Each mouth-watering recipe has been presented in an elegant and easy-to-understand manner. This makes the it easy for the readers to follow the recipe. Also, the various easy-to-make spice blends given in this book can be used in multiple recipes. This book also provides comprehensive information on spices and seasonings, kitchen equipment, authentic preparation techniques and suggested menus.  

Some notable recipes :

There are approximately 80 plus recipes included in this book. Majority of the sections contain photographs. Some of the notable recipes include traditional recipes like Kachori, Dudhina Muthia, Khandvi, Methina Gotta, Dal-Dhokli, Undhiyu etc. It also includes basic recipes like Phulka, Puri, Khichdi etc. which are made on daily basis in Gujarati homes. Apart from that it also has recipe of Masala Chai, without which it is impossible for any Gujarati family to start its day.

To my surprise, there are also non-vegetarian Gujarati dishes included in this book. I was totally unaware that Gujarati cuisine includes non-vegetarian dishes also. I will not be in position to comment on the non-vegetarian section due to my limited knowledge. However, the author has included non-vegetarian dishes like Kheema Fataka, Marghanu Shaak etc.

Some more expectations:

Gujarati thali is the most popular thali in Indian cuisine. In my view, some more sample menus from Gujarati thali could have been included in this book. 

Also, the author could have included sections like Farali menu (Moryo, Sabudana khichdi), Gujarati street food menu (Dabeli, Surti Locho) etc. 

As Gujarati cuisine has a rich  variety of recipes, I expect the author to come out with second part of this book and feature more traditional Gujarati recipes like Ubadiyu, Lilva, Kachariyu, Khichu, Adadiyu, Dakor Gota, Methi na Khakra, Handvo, Sambhariya, Lachko,  Vagharela Bhaat, Surti Ghari, Sev tameta nu shaak, Osaman,  Ringan no ollo,  Theplas etc.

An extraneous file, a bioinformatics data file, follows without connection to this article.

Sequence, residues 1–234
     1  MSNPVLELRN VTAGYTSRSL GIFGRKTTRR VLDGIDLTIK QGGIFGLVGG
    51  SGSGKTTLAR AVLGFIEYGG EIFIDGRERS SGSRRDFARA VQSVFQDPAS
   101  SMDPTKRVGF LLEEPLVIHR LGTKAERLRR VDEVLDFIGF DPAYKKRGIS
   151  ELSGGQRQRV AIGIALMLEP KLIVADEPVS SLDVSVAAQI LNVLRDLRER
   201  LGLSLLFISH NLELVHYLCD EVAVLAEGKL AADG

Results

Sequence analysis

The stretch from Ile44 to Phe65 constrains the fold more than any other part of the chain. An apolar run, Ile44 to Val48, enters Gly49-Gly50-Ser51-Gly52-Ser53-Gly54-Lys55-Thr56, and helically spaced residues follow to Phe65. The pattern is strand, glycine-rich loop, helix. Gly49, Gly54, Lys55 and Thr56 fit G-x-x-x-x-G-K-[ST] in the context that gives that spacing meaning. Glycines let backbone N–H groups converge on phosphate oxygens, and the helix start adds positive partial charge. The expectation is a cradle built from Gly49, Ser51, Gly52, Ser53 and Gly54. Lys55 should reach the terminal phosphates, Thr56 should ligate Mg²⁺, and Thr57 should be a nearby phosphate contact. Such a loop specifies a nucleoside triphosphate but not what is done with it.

Some  salient features of Gujarati Kitchen  :

  • Includes most of the traditional Gujarati recipes including popular and everyday recipes
  • Includes both vegetarian and non-vegetarian Gujarati recipes
  • Gives general tips like cooking time,  preparation time and washing instructions. These are easy to follow and especially goodfor beginners
  • Lists  down key ingredients and information pertaining to basic spices, herbs, seasoning, cooking oil etc. used in Gujarati food
  • Features information pertaining to various measurements (bifurcated into liquid and solid measures)
  • Provides an  easy to follow recipe of spice blends like Tea masala, Garam masala etc.
  • Recipes includes 6 vegetarian starters, 4 Non vegetarian starters, 14 vegetarian main-course, 11 non-vegetarian main-course, 7 Indian breads, 3 Rice items, 6 Accompaniments with rice,  12 sweets (Mithai), 7 Chutneys and relishes, 6 Pickles, 5 Tea-time snacks, 4 Drinks and 3 mouth-fresheners.
  • Photographs are featured in majority of the sections
  • Gives a sample Vegetarian and Non-vegetarian menu at the end
  • Total number of pages – 161
  • Bookprice in INR – Rs. 395

This review is a part of the Book Reviews Program at Participate now to get free books!